Below the basilica there is another basilica with a aisle and two naves (Basilica inferiore), now used for artistic expositions. San Domenico Basilica (founded in 1275 and finished at the beginning of the fourteenth century): Further works of workmanship are the Saints Philip and James the Younger and Catherine by Spinello Aretino and other paintings and sculptures from the fourteenth centuries.
Can Michele: This sanctuary has a contemporary facade. Saint Maria in Gradi This mediaeval temple was originally constructed in the eleventh or twelfth centuries, but rebuilt by Bartolomeo Ammannati at the end of the sixteenth centuries. Inside there is a unique ship with rock altarpieces (17th century) and a Madonna by Misericordia, terrace by Andrea Robbia.
The St. Augustine Cathedral, established in 1257, was rebuilt at the end of the fifteenth and eighteenth centuries. It has a rectangular belfry dating from the fifteenth and eighteenth centuries. Sante Flora e Lucilla (12th century): Benedictine friars rebuilt the monastery in the twelfth and sixteenth century respectively, under the supervision of Giorgio Vasari.
You can also see a St. Lawrence Fresco by Bartolomeo of Gatta (1476) and a cross by Segna di Buonaventura (1319). Reconstructed in the thirteenth and thirteenth centuries and renovated in 1538, it was completely reconstructed in 1705. There is also a main altarpiece in white by Andrea of Robbia with an already preserved painting by Parri di Spinello (1428-1431).
Constructed between 1435 and 1444, the temple has a small shrine with the title of St Bernardino. There has a baroque interiors, but with an alter by an employee of Andrea Robbia da Robbia. Trinità Santissima: This temple was constructed in 1348 and completely restored in baroque styles in 1723-1748. Saint Maria Maddalena, 1561 above a 14th cent. building.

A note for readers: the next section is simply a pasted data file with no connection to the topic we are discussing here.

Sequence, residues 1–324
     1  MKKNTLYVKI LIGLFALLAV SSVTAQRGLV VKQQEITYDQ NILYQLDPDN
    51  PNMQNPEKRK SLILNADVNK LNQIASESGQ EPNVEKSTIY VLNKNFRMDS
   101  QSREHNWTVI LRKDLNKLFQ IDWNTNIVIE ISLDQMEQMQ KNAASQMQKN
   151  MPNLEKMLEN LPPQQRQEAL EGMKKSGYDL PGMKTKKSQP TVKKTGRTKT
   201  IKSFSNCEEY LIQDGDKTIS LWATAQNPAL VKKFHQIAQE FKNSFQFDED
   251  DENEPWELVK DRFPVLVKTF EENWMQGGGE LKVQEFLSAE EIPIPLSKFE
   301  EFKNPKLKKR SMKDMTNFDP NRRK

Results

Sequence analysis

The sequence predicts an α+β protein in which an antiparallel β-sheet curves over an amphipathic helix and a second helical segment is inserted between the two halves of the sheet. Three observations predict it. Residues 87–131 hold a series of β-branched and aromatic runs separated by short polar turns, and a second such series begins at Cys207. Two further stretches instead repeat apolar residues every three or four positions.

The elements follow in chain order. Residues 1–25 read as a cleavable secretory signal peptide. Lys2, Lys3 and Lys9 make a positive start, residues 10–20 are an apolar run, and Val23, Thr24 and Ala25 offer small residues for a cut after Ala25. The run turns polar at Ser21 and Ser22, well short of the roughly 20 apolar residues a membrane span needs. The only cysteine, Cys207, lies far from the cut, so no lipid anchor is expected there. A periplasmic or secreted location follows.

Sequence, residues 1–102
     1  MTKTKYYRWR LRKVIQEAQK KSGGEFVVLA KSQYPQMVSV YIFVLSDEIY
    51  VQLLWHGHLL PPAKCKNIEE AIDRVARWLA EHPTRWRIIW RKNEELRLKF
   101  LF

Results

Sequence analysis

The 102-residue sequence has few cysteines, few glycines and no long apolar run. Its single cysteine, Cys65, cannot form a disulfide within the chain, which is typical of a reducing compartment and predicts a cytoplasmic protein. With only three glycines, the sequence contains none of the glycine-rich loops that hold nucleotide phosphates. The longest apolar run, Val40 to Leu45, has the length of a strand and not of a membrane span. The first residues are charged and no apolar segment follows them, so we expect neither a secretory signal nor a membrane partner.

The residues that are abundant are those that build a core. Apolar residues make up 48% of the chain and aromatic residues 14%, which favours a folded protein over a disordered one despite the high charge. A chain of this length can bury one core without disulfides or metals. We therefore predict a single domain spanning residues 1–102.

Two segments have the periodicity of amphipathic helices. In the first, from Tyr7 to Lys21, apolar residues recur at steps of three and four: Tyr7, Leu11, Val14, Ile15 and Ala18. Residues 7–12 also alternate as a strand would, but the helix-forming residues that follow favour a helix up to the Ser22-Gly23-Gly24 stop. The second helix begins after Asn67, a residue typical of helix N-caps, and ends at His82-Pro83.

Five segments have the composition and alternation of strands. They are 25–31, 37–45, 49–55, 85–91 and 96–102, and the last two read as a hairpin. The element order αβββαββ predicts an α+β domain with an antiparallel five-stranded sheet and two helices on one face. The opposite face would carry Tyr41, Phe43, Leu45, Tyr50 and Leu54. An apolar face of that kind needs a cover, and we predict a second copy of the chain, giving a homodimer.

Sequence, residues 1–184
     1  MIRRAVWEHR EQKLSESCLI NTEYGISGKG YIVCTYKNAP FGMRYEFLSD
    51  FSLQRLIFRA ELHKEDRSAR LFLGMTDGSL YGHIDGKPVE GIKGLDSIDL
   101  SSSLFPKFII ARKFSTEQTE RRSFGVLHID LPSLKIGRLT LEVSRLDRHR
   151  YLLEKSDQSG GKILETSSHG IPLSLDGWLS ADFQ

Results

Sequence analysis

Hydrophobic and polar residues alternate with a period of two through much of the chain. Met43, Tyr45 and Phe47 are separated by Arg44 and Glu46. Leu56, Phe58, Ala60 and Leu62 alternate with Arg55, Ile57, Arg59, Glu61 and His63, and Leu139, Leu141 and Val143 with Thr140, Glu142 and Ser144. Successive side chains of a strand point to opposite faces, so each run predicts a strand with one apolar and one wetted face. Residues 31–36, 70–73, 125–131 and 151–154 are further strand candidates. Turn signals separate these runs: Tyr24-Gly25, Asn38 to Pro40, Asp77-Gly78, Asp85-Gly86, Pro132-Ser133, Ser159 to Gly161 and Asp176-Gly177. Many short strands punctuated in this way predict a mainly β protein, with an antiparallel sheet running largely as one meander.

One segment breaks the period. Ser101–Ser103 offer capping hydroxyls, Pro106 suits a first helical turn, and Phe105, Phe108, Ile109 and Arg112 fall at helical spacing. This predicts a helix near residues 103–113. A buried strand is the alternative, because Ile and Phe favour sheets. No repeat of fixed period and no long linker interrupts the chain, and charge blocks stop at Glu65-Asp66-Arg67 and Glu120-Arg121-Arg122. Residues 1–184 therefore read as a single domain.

San Paolo Baptistery, built in San Paolo as a pre-Christian baptistery, reconstructed in the 8th to 9th millennia and then reconstructed in the thirteenth millenium in romanticism. After the 1796 quake, the whole temple was restored. Here are frescos by Lorentino d'Andrea from the fifteenth cent. and a small room with a small table. There is a transverse ship entry with pillars of stone with granite capital from the fifth millennium AD.
It has a chancel from the twelfth and the remainder from the eleventh centuries. It was mentioned in a document in 1064 and replaces a pre-Christian baptistery. It was reconstructed in the front in the 14th centuries. Inside the vestibule there are frescos from the fifteenth centuries and a wood Madonna with Child from the same year.
It has been repeatedly restructured and refurbished; inside there is a courtyard from the sixteenth and seventeenth centuries, a bronze sculpture of a Madonna with Child (1339), frescos, Busts of famous Aretines, two pictures by Giorgio Vasari. At the beginning of the 19. cent. it was partially disassembled by the French. The Palazzo Camaiani-Albergotti (14th c., refurbished in the XVI century), with the Torre del Bigazza.
Facade has a crest of Captain, Podest and Commissioner of the town from 14th to eighteenth centuries. In Arezzo there is an ancient feast every year known as the Saracen joust (Giostra del Saracino). Between 1986 and 2006 a pop and cultural event entitled Arezzo Wave took place in Arezzo every year in July.
Since 2007, it has been superseded by the 2007 Arezzo Art Festival which is still dedicated to rocking arts and involves locals. Arezzo has a leading part in Roberto Benignis movie Leben Is Beautiful by La vita è beatlla (1997). View category: Inhabitants of Arezzo, including those who were actually borne in the city. Arezzo' partner: Firenze and Arezzo.
The frescoes by Arezzo. Minerva of Arezzo. Arezzo Chimera.